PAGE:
If you’re considering converting your C corporation to an S corporation, be aware that there may be tax implications if you’ve been using the last in, first out (LIFO) inventory method.
That’s because of the LIFO recapture income that will be triggered by converting to S corporation status.
We can meet to compute what the tax on this recapture would be and to see what planning steps might be taken to minimize it. Inventory reporting As you’re aware, your corporation has been reporting a lower amount of taxable income under LIFO than it would have under the first in, first out (FIFO) method.
The reason: The inventory taken into account in calculating the cost of goods sold under LIFO reflects current costs, which are usually higher. This benefit of LIFO over FIFO is equal to the difference between the LIFO value of inventory and the higher value it would have had if the FIFO method had been used. In effect, the tax law treats this difference as though it were profit earned while the corporation was a C corporation.
To make sure there’s a corporate-level tax on this amount, it must be “recaptured” into income when the corporation converts from a C corporation to an S corporation. Also, the recapture amount will increase the corporation’s earnings and profits, which can have adverse tax consequences down the road.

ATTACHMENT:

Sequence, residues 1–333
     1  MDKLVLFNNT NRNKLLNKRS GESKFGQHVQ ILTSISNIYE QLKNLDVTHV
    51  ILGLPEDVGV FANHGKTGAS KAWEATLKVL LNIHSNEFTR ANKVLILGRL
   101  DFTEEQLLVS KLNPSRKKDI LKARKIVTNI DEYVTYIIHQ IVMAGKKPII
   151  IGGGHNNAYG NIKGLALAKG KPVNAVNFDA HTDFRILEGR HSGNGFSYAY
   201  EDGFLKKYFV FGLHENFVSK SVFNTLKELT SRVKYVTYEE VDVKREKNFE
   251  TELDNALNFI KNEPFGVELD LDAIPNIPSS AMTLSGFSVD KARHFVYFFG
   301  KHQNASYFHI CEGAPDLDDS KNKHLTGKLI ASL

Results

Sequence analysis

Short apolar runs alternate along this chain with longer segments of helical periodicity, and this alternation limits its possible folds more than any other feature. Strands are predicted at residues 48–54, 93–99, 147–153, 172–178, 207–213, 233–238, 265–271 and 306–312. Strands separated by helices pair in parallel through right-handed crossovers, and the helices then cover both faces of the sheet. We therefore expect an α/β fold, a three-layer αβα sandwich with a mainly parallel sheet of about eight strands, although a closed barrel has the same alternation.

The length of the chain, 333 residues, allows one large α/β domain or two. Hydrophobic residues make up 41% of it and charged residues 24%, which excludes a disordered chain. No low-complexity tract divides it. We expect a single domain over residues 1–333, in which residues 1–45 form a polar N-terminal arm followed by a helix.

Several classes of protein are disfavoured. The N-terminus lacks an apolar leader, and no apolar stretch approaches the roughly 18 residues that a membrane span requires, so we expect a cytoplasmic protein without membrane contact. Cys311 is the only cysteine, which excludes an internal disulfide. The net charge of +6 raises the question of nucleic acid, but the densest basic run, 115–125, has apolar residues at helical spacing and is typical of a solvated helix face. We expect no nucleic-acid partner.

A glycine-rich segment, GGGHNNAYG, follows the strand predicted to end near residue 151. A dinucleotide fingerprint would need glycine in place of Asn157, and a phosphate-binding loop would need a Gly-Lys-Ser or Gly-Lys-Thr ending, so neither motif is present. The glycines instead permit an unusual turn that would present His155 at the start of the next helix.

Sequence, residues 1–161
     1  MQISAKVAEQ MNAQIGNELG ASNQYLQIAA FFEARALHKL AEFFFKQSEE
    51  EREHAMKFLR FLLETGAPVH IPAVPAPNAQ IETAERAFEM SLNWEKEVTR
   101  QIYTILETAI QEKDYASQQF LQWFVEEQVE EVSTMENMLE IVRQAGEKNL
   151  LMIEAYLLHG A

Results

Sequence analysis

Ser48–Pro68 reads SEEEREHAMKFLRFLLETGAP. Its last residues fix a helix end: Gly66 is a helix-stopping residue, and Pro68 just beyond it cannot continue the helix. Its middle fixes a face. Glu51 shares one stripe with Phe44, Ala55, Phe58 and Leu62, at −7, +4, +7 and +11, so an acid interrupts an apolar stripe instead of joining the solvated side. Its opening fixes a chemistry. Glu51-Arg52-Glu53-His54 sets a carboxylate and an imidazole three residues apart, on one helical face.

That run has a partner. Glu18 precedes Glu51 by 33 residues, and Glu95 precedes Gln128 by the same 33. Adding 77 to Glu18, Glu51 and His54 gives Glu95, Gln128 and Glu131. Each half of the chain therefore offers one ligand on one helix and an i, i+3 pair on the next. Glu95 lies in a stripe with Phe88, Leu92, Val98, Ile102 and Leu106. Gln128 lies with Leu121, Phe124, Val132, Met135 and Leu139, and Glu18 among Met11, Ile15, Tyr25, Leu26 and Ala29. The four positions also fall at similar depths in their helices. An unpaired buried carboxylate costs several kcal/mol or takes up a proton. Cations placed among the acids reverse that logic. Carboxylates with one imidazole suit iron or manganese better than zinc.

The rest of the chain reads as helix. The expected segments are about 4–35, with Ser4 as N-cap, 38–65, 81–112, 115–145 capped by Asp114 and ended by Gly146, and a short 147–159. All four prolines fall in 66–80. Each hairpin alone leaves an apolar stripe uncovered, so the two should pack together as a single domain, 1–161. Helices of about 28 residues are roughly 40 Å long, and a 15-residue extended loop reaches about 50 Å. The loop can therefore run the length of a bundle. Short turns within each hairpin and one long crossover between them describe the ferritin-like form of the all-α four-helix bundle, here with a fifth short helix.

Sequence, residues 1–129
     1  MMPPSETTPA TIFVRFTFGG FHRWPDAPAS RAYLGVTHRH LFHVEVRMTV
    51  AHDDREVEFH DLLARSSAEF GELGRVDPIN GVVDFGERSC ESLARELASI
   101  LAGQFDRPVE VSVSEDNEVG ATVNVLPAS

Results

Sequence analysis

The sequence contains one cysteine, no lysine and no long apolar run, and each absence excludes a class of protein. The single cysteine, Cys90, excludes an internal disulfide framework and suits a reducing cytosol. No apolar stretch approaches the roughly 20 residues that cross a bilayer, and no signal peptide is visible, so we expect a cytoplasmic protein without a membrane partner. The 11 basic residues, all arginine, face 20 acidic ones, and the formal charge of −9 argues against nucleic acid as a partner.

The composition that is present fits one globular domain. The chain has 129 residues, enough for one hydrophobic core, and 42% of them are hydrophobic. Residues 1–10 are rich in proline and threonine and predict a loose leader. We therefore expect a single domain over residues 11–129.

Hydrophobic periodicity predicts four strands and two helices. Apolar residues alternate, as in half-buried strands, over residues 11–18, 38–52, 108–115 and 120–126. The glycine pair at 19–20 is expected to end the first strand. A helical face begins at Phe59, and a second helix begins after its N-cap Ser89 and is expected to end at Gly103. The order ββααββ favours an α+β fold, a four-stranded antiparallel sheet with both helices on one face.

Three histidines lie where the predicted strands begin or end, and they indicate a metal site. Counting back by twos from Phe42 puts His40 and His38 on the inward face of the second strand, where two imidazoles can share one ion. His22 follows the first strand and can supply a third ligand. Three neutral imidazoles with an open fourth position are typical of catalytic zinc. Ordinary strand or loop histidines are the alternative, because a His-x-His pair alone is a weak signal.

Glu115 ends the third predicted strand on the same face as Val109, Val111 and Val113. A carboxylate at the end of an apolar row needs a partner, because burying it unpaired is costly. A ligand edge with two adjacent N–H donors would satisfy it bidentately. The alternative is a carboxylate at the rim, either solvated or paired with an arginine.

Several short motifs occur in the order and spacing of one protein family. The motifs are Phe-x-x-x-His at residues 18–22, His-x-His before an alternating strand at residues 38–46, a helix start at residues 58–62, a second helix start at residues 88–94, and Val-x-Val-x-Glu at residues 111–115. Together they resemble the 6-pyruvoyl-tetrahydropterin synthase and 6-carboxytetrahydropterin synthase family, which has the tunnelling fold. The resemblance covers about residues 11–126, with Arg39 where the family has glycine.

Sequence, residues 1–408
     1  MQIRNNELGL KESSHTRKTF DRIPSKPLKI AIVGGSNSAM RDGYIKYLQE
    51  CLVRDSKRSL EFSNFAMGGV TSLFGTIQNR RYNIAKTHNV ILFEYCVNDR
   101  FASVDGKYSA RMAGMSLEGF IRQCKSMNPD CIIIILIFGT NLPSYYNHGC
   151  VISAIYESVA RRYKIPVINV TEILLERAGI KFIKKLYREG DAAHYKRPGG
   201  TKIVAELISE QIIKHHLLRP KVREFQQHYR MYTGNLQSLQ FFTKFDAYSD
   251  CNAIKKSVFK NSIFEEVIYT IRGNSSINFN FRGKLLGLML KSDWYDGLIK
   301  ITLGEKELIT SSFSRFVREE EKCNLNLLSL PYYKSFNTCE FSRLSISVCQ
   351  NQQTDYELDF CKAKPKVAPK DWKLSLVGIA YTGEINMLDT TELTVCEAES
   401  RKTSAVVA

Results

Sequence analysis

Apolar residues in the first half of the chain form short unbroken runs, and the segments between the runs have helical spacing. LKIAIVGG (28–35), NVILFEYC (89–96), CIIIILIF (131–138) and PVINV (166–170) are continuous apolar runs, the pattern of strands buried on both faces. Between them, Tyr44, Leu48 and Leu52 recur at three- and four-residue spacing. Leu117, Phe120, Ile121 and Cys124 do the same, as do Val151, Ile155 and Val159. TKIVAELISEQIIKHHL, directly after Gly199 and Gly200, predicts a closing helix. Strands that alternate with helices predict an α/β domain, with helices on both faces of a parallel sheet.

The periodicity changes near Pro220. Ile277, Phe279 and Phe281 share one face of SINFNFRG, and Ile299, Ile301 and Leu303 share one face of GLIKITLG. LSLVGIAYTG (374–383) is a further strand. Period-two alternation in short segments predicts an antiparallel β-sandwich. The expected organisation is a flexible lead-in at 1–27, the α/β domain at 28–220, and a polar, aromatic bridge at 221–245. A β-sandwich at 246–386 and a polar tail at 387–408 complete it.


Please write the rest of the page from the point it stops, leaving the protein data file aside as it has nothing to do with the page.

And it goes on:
Soften the blow There are a couple of rules that soften the blow of this recapture tax to some degree. The increase in tax imposed on the C corporation in its final tax year because of the LIFO recapture may be paid over a four-year period. The basis of the corporation’s inventory will be increased by the amount of income recognized.
So, the net effect may be one primarily of timing — because of the basis increase, the corporation may realize less income in later years, though only if there are decrements in the adjusted LIFO layer. We can help you gauge your exposure to the LIFO recapture tax and can suggest strategies for reducing it. Contact us to discuss these issues in detail. © 2022